Placebo Research: a Critical Positive Impact on Health Care?
What about Kaptchuk having mostly (not entirely) abandoned his advocacy of the purported specific effects of highly implausible medical claims, in the last decade or so, in order to pursue his interest in their non-specific effects? Well, perhaps that has separated him from the rest of the quackpack, to an extent, and for that, some observers feel he deserves credit (Peter?). On the other hand he is no Fabrizio Benedetti, who can call quackery “quackery,” who insists that real, neurobiological placebo effects can’t be studied in clinical trials, not only because of regression to the mean and spontaneous remission, but because of biases introduced by both investigators and subjects (as was likely the case in Kaptchuk’s albuterol vs placebo for asthma trial that triggered this series), and who recognizes that any potential clinical applications beyond the obvious “caring for the patient” are apt to be elusive:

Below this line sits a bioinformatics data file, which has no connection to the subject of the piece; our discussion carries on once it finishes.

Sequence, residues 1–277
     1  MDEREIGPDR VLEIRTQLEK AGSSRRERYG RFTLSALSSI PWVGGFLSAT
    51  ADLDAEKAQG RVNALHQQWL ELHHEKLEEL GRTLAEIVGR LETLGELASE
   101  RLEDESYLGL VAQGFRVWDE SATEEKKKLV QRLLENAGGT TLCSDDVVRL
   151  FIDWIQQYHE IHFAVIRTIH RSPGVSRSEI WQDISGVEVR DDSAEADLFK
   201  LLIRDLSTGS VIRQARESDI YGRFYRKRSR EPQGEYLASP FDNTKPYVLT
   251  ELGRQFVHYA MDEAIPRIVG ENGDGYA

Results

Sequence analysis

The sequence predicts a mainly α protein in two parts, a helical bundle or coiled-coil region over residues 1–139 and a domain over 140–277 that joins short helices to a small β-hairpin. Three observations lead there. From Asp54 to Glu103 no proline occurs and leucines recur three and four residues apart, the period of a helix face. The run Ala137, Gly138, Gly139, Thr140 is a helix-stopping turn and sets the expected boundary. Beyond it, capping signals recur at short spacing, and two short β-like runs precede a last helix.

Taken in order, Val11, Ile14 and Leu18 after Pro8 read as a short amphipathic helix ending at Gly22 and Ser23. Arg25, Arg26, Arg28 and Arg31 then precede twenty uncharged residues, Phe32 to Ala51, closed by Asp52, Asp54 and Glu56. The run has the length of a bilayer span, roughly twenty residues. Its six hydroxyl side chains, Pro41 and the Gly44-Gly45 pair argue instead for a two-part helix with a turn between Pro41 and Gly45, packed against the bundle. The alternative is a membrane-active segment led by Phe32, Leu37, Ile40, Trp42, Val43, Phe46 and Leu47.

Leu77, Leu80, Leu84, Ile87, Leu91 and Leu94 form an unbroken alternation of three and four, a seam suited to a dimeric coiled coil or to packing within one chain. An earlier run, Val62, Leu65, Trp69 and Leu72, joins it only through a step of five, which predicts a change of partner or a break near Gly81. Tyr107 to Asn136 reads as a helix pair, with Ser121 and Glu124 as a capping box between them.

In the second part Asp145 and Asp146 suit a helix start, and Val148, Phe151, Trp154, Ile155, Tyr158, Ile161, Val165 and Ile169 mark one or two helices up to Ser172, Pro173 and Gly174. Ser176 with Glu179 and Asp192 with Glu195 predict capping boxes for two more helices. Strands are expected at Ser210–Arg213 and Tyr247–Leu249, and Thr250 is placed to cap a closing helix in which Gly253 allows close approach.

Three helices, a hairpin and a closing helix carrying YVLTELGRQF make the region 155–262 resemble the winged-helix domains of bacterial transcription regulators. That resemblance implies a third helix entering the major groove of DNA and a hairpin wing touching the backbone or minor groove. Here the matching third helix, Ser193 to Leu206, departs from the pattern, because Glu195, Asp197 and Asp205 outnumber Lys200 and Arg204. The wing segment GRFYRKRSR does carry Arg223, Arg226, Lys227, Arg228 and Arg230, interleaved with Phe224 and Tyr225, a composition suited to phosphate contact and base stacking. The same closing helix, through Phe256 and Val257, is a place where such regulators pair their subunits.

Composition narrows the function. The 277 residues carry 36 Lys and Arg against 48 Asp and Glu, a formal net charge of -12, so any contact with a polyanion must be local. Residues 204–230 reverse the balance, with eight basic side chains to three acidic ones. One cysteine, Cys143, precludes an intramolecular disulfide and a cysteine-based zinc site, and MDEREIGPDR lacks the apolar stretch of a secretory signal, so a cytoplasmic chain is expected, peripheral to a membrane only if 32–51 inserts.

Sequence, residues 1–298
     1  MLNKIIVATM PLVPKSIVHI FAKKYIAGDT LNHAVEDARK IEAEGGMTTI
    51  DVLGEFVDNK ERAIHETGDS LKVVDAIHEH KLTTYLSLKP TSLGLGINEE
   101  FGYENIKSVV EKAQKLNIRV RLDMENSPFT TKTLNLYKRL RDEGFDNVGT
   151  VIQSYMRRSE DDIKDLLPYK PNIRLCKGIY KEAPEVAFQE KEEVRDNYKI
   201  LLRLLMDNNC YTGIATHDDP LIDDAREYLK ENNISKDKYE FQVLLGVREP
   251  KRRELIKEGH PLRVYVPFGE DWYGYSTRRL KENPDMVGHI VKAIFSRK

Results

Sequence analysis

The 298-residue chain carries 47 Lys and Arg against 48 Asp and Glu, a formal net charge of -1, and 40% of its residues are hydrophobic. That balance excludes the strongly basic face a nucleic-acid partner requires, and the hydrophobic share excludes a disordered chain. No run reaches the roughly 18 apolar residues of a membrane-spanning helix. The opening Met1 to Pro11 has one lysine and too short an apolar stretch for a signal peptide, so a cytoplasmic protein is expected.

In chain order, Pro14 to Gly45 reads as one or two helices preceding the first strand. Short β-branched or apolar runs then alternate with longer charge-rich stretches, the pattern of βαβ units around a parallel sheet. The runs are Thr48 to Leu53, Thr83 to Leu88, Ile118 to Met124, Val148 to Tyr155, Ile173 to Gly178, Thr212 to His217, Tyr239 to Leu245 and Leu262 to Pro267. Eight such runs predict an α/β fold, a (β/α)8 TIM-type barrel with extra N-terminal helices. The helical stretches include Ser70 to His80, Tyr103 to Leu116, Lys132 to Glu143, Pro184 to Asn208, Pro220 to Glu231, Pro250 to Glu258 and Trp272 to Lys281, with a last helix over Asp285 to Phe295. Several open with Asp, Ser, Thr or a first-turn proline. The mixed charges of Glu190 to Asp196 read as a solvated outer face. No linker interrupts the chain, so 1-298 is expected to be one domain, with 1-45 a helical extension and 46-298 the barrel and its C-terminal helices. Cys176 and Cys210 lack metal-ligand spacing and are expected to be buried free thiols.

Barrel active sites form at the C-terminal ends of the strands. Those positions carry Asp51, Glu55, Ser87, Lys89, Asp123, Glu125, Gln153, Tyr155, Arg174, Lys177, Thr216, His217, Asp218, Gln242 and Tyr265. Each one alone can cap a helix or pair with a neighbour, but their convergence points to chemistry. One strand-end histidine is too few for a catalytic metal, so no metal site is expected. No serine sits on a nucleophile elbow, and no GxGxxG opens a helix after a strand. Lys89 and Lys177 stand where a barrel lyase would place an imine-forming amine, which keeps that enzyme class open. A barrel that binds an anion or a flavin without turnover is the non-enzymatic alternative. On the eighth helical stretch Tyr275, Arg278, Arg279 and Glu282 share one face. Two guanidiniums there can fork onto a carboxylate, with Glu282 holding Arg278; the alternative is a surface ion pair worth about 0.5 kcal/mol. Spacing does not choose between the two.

I use the placebo response as a model to understand how our brain works. I am not sure that in the future it will have a clinical application. This is a very important point—a translational research: can we use placebo in routine clinical practice? Well, sometimes it works; but that’s not the important problem. The important thing right now is to understand how our brain works. And I would say the placebo response is a fascinating phenomenon, because it is a sort of melting pot of concepts, of ideas for neuroscience. So, if you use a placebo response, you can understand a lot of brain functions, like anxiety, like social learning, classical conditioning, reward mechanisms, and so forth. So, the clinical application is—I think in English you say it is a ‘different kettle of fish.’
Kaptchuk, on the other hand, in keeping with his belief that the placebo is ‘strong medicine,’ argues that
Learning how to enhance medical outcomes via placebo research could have a critical positive impact on health care and scientific knowledge.